The output voltages at each node are given by
ν+ =−R f1 ·i +=−(R f +ΔR fi +  (A-5)
ν−=−R f2 ·i =−(R f −ΔR fi   (A-6)
The differential output is given by

v + - v - = - R f · ( i + - i - ) - Δ R f · ( i + + i - ) = - R f · { β · ( V GS - V t - Δ v DS ) · ( v DS + - v DS - ) - 1 2 · Δ β · ( v DS + 2 + v DS - 2 ) } - Δ R f · { [ Δ β · ( V GS - V t ) - β · Δ V t ] · ( v DS + - v DS - ) + β · ( V GS - V t ) · 2 · Δ v DS - 1 2 β · ( v DS + 2 + v DS - 2 ) } = - R f · β · ( V GS - V t - Δ v DS ) · ( v DS + - v DS - ) + 1 2 · R f · β · ( Δ β β + Δ R f R f ) · ( v DS + 2 + v DS - 2 ) ( A - 7 )
Considering

v RF + = v DS + + i + · R s1 and v RF - = v DS - + i - · R s2 , we have ( A - 8 ) v RF + - v RF - = v DS + - v DS - + i + · ( R s + Δ R s ) - i - · ( R s - Δ R s ) = v DS + - v DS - + R s · ( i + - i - ) + Δ R s · ( i + + i - ) = v DS + - v DS - + R s · [ β · ( V GS - V t - Δ v DS ) · ( v DS + - v DS - ) - 1 2 · Δ β · ( v DS + 2 + v DS - 2 ) ] + Δ R s · { [ Δ β · ( V GS - V t ) - β · Δ V t ] · ( v DS + - v DS - ) + β · ( V GS - V t ) · 2 · Δ v DS - 1 2 · β · ( v DS + 2 + v DS - 2 ) } = [ 1 + R s · β · ( V GS - V t - Δ v DS ) ] · ( v DS + - v DS - ) - 1 2 · R s β · ( Δ β β + Δ R s R s ) · ( v DS + 2 + v DS - 2 )
From A-8, νDS +−νDS can be expressed as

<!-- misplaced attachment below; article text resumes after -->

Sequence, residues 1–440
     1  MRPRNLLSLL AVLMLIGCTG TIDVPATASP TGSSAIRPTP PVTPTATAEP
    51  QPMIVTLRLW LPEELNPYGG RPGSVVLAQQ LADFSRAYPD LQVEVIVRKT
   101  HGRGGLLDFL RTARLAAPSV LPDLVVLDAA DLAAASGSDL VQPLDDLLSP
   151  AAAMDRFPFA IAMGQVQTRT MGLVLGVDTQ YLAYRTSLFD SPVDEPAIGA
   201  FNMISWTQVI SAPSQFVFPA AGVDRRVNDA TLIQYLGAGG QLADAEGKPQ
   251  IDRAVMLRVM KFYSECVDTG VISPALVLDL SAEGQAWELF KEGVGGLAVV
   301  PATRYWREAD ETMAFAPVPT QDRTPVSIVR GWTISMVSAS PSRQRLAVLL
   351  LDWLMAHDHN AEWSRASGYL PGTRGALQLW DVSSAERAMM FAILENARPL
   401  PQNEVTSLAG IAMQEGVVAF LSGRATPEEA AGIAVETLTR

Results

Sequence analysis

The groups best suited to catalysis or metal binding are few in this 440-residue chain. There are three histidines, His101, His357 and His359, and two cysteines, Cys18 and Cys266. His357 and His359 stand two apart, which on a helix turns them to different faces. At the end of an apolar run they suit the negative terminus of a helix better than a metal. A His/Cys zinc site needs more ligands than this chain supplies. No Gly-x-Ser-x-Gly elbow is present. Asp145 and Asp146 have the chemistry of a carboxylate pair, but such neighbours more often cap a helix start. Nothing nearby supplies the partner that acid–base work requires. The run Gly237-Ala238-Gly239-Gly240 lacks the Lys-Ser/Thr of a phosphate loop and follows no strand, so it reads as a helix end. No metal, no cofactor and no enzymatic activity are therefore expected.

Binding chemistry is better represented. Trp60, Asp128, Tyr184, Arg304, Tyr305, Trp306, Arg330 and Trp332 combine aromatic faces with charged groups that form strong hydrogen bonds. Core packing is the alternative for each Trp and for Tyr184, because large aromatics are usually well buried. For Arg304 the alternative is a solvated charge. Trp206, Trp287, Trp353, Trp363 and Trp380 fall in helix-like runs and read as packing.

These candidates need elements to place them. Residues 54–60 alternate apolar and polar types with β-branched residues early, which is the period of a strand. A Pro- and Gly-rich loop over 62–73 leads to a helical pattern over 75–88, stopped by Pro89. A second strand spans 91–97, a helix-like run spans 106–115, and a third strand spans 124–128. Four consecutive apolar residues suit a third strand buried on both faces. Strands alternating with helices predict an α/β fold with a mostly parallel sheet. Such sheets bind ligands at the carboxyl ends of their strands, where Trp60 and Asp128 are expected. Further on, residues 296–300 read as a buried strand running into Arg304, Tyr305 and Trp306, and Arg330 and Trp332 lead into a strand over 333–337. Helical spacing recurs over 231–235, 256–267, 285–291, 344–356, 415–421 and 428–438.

( v DS + - v DS - ) = v RF + - v RF - 1 + R s · β · ( V GS - V t - Δ v DS ) + 1 2 · R s · β 1 + R s · β · ( V GS - V t - Δ v DS ) · ( Δ β β + Δ R s R s ) · ( v DS + 2 + v DS - 2 ) ( A - 9 )
Substituting (A-9) into (A-7),

v + - v - = - R f · β · ( V GS - V t - Δ v DS ) { v RF + - v RF - 1 + R s · β · ( V GS - V t - Δ v DS ) + 1 2 · R s · β 1 + R s · β · ( V GS - V t - Δ v DS ) · ( Δ β β + Δ R s R s ) · ( v DS + 2 + v DS - 2 ) } + 1 2 · R f · β · ( Δ β β + Δ R f R f ) · ( v DS + 2 + v DS - 2 ) = - R f · β · ( V GS - V t - Δ v DS ) 1 + R s · β · ( V GS - V t - Δ v DS ) · ( v RF + - v RF - ) + 1 2 · R f · β · { - R s · β · ( V GS - V t - Δ v DS ) 1 + R s · β · ( V GS - V t - Δ v DS ) · ( Δ β β + Δ R s R s ) + ( Δ β β + Δ R f R f ) } · ( v DS + 2 + v DS - 2 ) = - R f · β · ( V GS - V t - Δ v DS ) 1 + R s · β · ( V GS - V t - Δ v DS ) · ( v RF + - v RF - ) + 1 2 · R f · β · [ 1 1 + R s · β · ( V GS - V t - Δ v DS ) · Δ β β + Δ R f R f - R s · β · ( V GS - V t - Δ v DS ) 1 + R s · β · ( V GS - V t - Δ v DS ) · Δ R s R s ] · ( v DS + 2 + v DS - 2 ) ( A - 10 )
Substituting νRF +−νRF =2·νRF and νDS +−νDS =2·νDS into (A-9),

v DS = v RF 1 + R s · β · ( V GS - V t - Δ v DS ) + 1 4 · R s · β 1 + R s · β · ( V GS - V t - Δ v DS ) · ( Δ β β + Δ R s R s ) · ( v DS + 2 + v DS - 2 ) ( A - 11 )
Neglecting the second-order terms,
νDS + 2 DS 2 =(νDS+ΔνDS)2=(νDS−ΔνDS)2=2·νDS 2  (A-12)
Substituting (A-11) into (A-12) and retaining terms up to the quadratic terms,

( v DS + 2 + v DS - 2 ) = 2 · ( v RF 1 + R s · β · ( V GS - V t - Δ v DS ) ) 2 ( A - 13 )
Substituting (A-13) and νRF +−νRF =2·νRF into (A-10),
ν+−ν =a·ν RF +b·ν RF 2   (A-14)
where